The Association of Child Protection Professionals welcomes the publication of the ‘Independent assurance review of the effectiveness of multi-agency responses to child sexual exploitation in Greater Manchester’. This provides an opportunity to understand ‘lessons learned’ and to consider what next for supporting practitioners working with potential victims of child sexual exploitation (CSE).
The report reminds us of the tenacity of individuals who worked tirelessly to try and identify, safeguard and support the victims. These voices, alongside those of many children, were ignored, allowing perpetrators to continue the abuse. The review findings call to mind ‘If only someone had listened’ (the Children’s Commissioners report of November 2013 into Child Sexual Exploitation in Gangs and Groups), which also provided evidence of professionals not listening to, or believing, child victims. The independent assurance review details the serious failures of Greater Manchester Police and Children’s Social Care in protecting children from the abuse they received at the hands of organised grooming gangs. There is perhaps a renewed need for all agencies (across the UK) to consider their roles in preventing sexual exploitation and to commit to hearing, believing and advocating for victims.
Although the review details the attempts of individuals to investigate allegations, to refer into appropriate safeguarding process and protect these vulnerable children, it also highlights the failure of agencies and senior leadership within them. With the familiar roll call of under resourcing and workload considerations provided as explanation there are remaining questions about the ability to respond effectively to ‘lessons learned’ if systemic factors contributing to these failures endure. The upcoming 4th part of the report, looking into whether we can have confidence in current arrangements for protecting children from sexual abuse, will perhaps provide an indication of this.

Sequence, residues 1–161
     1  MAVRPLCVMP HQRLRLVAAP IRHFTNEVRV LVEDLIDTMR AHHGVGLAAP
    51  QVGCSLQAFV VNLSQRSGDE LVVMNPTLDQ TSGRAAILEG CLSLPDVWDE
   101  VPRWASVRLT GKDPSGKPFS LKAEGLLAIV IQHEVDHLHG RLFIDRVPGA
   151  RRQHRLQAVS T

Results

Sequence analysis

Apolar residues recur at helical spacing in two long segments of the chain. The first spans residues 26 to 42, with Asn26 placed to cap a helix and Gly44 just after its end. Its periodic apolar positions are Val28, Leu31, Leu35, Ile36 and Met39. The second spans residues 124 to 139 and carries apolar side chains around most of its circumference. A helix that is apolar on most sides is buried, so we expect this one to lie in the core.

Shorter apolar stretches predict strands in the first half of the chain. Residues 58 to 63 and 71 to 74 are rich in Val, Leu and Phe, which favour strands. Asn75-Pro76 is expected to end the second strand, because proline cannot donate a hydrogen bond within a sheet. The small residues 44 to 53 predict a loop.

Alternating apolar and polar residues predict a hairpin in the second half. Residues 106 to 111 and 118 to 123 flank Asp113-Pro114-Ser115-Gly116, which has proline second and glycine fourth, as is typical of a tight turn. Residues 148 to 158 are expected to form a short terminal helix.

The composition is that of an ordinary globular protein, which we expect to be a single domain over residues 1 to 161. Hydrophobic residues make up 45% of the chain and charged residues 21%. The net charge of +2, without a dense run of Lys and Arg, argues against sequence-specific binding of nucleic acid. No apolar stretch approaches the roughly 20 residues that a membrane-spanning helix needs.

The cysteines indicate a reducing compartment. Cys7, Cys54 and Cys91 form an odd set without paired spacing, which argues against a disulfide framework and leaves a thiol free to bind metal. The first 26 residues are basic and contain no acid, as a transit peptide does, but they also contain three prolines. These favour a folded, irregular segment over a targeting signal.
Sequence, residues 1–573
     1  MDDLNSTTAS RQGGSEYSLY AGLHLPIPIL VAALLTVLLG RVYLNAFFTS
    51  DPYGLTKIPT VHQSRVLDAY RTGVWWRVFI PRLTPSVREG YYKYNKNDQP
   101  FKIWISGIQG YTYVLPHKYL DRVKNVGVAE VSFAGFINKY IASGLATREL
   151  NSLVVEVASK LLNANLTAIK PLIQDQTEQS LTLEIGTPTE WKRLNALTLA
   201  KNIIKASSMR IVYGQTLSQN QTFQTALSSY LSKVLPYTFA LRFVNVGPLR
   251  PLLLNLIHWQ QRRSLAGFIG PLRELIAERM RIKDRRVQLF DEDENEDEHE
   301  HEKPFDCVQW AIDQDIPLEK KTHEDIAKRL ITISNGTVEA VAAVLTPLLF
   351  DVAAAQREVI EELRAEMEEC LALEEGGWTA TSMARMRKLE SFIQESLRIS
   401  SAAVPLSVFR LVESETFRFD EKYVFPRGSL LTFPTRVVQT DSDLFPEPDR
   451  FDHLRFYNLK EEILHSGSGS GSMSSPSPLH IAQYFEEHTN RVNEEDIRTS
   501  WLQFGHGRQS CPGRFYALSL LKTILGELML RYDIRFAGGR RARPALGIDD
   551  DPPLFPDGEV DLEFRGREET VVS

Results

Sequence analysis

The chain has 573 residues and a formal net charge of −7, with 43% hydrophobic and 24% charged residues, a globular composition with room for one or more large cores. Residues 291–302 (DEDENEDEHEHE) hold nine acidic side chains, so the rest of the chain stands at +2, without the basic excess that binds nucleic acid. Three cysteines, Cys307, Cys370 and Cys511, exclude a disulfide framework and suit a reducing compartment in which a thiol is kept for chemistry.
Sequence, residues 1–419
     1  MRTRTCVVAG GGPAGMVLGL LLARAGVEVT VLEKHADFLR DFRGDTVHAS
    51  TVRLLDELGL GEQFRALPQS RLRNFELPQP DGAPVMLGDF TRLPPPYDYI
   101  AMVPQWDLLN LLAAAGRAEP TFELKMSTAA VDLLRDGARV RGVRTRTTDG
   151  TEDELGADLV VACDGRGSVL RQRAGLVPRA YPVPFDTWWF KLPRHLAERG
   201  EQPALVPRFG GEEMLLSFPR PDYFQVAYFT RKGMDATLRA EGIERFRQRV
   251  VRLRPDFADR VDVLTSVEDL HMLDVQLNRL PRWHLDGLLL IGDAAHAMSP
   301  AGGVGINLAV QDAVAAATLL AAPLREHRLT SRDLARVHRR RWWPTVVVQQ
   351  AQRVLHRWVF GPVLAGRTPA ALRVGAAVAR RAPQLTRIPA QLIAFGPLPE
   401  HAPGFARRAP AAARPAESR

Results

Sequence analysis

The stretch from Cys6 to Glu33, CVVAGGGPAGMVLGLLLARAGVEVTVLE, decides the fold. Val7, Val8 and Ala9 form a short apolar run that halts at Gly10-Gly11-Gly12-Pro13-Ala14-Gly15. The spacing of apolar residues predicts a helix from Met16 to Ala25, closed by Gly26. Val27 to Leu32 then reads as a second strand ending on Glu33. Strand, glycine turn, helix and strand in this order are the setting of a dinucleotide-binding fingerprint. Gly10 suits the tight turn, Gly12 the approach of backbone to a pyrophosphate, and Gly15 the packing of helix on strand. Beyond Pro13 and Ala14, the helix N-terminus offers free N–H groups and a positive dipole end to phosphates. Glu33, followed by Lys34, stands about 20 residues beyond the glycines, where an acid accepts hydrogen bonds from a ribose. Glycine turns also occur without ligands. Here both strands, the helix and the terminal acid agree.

Whilst we await the publication of this, the findings of the recent report reinforce for the AoCPP the importance of multi-agency and multi-disciplinary child protection approaches to safeguard and protect vulnerable young people and adults. The review strengthens our resolve to offer multidisciplinary learning spaces for child protection professionals to come together to support this objective.